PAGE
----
Currently, I work for the University of Southampton as Professor of Offshore Geotechnical Engineering and Deputy Director of the Southampton Marine & Maritime Institute. I relocated back to the UK a couple of years ago having spent 17 years at the University of Western Australia.
My role at the University of Southampton is varied – I develop and deliver undergraduate and post-graduate teaching, supervise student research projects, lead programmes of research to advance engineering design and work on industry projects to apply research outcomes in practice. My leadership role of the Southampton Marine & Maritime Institute provides the opportunity to bring together more than 400 academics across all disciplines of the university and our large network of industry, government and community partners to provide multi-disciplinary solutions to marine and maritime challenges. I also chair the School of Engineering Equity, Diversity and Inclusion Committee, coordinate the University’s corporate civil engineering scholarship scheme that matches undergraduates with industry sponsors for summer work placement and I represent the University of Southampton in the Worldwide University Network on the responding to climate change global challenge steering group.
Beyond my university role, I have been involved in international standards development for several years and was recently elected as Convenor of the ISO working group responsible for the development of international standards for offshore foundations and site investigation.
Over the course of my career, I have worked on projects that range from investigation of the performance of the Victorian tunnels in London to developing enabling technologies for construction in the deep ocean. Having the opportunity to work on projects that span the frontiers of engineering design of 150 years ago to the frontiers of today is fantastic. Although, irrespective of the scale, history or novelty of a project, it is the people that you work with that make a job interesting and rewarding.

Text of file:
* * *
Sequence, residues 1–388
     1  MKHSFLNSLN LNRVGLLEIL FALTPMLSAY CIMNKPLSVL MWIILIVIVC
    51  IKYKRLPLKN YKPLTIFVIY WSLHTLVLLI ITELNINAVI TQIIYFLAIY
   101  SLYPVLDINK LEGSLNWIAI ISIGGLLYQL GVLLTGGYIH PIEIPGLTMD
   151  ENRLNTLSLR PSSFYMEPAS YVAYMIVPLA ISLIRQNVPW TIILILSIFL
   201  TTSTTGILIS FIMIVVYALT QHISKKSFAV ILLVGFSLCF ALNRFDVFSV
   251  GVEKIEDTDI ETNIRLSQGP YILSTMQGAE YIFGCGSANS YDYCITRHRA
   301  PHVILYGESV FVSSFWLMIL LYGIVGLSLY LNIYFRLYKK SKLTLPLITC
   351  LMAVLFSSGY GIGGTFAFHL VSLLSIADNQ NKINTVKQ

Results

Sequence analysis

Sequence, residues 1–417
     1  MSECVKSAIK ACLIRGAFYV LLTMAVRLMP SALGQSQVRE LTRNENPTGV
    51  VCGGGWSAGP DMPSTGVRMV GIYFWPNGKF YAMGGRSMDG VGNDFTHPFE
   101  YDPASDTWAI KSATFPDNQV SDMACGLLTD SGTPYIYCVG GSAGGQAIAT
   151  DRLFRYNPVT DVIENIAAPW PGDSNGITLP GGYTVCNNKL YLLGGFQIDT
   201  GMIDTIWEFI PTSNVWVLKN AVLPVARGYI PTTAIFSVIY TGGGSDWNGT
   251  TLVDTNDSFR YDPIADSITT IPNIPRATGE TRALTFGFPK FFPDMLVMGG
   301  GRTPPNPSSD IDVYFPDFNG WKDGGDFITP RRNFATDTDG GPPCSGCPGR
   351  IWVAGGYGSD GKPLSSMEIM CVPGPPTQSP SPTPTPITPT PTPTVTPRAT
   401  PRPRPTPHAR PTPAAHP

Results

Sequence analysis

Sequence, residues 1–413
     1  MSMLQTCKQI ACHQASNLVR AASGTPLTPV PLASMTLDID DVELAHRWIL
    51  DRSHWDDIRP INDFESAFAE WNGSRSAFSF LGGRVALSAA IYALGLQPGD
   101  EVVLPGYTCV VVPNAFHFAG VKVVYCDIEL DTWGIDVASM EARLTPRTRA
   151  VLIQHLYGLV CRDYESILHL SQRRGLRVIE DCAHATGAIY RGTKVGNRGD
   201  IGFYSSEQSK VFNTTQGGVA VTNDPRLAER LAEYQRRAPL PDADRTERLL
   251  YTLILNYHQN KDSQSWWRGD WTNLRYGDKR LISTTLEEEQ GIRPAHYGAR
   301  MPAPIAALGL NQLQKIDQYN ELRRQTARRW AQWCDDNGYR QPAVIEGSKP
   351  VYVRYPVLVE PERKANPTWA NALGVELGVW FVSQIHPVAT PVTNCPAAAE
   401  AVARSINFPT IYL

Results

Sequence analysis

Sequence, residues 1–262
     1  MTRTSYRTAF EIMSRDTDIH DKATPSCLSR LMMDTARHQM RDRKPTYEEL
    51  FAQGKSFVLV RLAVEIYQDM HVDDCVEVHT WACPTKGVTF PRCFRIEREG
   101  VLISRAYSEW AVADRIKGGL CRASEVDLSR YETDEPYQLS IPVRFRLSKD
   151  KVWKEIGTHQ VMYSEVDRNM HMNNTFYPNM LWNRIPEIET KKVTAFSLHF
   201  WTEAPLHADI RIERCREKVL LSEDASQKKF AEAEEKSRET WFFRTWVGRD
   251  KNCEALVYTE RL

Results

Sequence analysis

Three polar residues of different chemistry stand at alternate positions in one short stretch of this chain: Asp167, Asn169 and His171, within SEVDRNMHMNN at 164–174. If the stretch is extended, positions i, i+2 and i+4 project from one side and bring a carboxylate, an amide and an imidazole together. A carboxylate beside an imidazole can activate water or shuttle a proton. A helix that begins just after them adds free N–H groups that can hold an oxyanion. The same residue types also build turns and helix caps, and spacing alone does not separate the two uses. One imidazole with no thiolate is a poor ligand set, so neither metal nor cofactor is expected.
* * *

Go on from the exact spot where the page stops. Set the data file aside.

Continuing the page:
My proudest achievement in civil engineering is training – and hopefully inspiring – students for a career in civil engineering. It is also always fantastic to see research outcomes being adopted in a commercial environment. I am also immensely proud of being elected a Fellow of the ICE.
Applying for Fellowship was a straightforward process. The team at ICE were very responsive if ever I had a question and three fellow engineers who I have known for most of my career generously sponsored my application with letters of support.
I was delighted when I opened the letter announcing that I had been elected as a Fellow of the ICE and excited by the prospect of what experiences it might lead to. Perhaps similar feelings to prospective university students opening their A-level results and finding what they hoped for.
I certainly never expected to be a Fellow of the ICE when I opened my A-level results, or indeed when I graduated and began my career. It has been a remarkable journey so far and I am looking forward to the road ahead.
Interested in becoming a Fellow of ICE?
The Fellowship guidance document provides full details on the process and the attributes you will need to demonstrate. Please read this document so that you are fully aware of what you need to provide with your application.
We also offer the option to assess your suitability for Fellowship before applying formally. If you would like this, please contact your Regional Support Team or the Fellowship Executive at [email protected] for advice. To obtain a preliminary assessment, you will need to send us an up-to-date CV (4 sheets of A4 maximum) setting out your personal achievements.
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